Opinion: Long live printed newspapers. Digital won’t work for these readers.
It’s an old argument. Newspapers are dead, and digital is killing them.
It was a point of discussion in April, when President Donald Trump tweeted: “The failing @nytimes has lost all of its credibility and authority, and is now just a printed paper of very low quality and total lies. It is going to make a major mistake and will soon be gone!”
“It’s a very different issue than it was 20 years ago,” said the Times’s former national digital editor, Jonathan Martin (who is no longer digital editor) of the current print versus digital divide.
The first ink on the argument was in the late 1880s, when the National Review was founded, according to Bill Keller’s 2014 book, “The End of News.” Back then, the Internet was just another technology. The paper’s founder, William Randolph Hearst, didn’t see newspapers as a threat. He thought they were boring, and he wanted to “keep their existence and prestige limited to their own special fields,” Keller writes.
But Hearst changed his mind after he read the first issue of the International Herald Tribune. There, Keller writes, he saw “a vision of the newspaper as a platform for freedom and enlightenment and the triumph of the human spirit over convention and commerce.”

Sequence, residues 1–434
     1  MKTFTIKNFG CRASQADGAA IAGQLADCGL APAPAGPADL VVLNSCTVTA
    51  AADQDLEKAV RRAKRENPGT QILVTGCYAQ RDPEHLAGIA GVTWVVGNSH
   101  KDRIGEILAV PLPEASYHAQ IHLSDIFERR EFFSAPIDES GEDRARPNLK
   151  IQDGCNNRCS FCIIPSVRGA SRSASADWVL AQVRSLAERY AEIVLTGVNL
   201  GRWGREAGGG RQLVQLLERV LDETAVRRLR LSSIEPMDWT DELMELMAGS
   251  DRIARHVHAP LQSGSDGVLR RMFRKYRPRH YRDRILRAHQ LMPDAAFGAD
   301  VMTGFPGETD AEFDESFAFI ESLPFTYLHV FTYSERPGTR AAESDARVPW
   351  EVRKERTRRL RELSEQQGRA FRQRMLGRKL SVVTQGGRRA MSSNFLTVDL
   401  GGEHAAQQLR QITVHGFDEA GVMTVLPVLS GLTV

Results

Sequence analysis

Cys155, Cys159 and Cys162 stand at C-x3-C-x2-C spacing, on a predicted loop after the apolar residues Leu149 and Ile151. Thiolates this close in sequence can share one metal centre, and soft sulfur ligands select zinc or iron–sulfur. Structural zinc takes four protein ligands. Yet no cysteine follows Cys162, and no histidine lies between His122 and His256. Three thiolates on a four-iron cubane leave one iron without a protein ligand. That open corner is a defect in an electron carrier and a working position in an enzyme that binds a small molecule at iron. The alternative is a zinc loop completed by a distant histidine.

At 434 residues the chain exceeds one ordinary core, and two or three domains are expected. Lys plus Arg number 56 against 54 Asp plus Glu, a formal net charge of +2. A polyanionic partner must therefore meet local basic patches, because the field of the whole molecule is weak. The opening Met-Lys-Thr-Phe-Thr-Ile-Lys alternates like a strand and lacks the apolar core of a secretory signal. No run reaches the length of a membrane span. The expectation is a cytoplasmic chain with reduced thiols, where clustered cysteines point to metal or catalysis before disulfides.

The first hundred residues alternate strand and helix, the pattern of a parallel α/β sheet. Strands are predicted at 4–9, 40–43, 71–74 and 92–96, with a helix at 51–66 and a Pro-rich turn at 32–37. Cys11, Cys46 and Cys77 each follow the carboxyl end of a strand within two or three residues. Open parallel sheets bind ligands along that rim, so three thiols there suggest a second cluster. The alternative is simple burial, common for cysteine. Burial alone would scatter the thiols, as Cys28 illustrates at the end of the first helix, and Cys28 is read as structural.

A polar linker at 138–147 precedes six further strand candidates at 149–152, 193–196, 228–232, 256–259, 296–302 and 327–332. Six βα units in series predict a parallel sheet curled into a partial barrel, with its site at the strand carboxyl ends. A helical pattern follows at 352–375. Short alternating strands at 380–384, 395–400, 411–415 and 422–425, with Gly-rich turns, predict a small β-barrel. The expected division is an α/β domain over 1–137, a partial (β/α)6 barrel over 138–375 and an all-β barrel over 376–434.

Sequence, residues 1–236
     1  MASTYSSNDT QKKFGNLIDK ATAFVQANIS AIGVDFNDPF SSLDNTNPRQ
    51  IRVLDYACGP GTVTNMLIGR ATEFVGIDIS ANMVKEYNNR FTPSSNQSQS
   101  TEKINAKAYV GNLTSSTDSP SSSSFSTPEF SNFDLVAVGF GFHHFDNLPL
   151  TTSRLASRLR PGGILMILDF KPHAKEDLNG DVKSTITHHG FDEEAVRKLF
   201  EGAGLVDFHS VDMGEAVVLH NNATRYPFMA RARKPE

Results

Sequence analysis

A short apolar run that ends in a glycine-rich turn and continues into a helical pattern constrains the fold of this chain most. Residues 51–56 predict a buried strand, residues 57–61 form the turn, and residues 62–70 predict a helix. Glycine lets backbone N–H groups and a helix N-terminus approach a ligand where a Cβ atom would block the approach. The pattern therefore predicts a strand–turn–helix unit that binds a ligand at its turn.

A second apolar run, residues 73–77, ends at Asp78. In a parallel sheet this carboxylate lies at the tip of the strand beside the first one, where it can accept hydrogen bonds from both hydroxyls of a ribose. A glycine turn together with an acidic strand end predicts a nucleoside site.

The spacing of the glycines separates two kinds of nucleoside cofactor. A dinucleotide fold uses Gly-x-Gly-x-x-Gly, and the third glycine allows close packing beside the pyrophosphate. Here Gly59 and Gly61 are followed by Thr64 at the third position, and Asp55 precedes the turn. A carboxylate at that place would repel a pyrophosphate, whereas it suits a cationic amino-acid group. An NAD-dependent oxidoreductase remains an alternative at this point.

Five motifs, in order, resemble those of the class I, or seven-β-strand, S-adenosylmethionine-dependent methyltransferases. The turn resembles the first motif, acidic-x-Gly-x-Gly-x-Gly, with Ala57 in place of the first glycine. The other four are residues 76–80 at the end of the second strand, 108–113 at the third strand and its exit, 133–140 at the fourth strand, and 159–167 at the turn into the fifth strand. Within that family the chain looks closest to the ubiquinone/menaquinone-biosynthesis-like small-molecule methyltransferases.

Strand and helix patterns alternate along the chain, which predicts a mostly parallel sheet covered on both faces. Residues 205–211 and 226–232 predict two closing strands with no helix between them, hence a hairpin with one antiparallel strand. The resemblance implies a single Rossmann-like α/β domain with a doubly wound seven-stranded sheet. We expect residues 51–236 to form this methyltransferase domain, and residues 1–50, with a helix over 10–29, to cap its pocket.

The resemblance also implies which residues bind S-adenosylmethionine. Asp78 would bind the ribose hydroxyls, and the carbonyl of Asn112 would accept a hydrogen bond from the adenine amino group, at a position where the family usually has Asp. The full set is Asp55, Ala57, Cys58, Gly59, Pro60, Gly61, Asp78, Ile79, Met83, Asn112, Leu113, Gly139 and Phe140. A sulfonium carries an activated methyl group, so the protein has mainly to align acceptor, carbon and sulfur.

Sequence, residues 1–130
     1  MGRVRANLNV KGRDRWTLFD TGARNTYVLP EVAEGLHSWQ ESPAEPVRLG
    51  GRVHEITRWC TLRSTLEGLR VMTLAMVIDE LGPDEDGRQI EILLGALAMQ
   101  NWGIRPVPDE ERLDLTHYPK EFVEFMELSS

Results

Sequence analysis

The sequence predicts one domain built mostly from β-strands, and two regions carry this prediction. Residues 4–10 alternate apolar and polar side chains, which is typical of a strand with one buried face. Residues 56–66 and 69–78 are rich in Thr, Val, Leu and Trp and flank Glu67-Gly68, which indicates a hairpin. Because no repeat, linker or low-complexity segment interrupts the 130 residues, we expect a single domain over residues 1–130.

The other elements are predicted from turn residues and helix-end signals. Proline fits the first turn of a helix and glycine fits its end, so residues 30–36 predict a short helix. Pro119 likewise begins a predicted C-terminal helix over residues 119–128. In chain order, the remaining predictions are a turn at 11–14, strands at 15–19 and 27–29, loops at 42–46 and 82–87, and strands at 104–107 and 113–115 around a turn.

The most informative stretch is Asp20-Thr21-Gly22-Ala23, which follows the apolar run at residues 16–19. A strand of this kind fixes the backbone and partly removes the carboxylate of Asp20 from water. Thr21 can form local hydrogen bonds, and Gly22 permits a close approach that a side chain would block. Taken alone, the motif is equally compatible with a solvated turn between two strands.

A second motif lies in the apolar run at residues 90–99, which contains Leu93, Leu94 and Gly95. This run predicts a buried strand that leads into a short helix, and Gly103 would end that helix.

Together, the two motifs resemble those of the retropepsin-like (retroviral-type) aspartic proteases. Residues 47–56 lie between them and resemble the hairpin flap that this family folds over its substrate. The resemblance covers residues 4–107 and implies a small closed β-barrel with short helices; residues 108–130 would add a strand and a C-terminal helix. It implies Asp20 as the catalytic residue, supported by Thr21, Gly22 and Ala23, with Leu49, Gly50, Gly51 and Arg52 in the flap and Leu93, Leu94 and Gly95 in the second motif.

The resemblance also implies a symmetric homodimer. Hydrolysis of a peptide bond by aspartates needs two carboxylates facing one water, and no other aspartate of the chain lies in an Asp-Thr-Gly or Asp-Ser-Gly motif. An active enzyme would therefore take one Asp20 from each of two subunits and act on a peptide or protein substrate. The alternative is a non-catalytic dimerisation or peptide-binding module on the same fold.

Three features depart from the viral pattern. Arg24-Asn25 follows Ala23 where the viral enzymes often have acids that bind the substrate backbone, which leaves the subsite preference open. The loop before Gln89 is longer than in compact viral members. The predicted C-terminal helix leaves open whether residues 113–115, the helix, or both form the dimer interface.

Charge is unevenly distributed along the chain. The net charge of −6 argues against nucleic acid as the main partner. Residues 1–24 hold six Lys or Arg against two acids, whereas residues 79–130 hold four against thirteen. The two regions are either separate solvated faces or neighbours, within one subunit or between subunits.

The difference between then and now? The Internet has changed everything. A typical newspaper website has become a portal to an infinite repository of information. “When you go to the New York Times website, you don’t get a page of links to every single article. The only thing on that page is a clickable title bar that says, ‘The Times.’ ”
At the Times, an editorial board member once told me (I can’t find the article now, but in the interview he described in the book) that, when it came to journalism, “a good newspaper is one where information is always available.”
The print edition isn’t dead so much as it’s been replaced by digital. The newspaper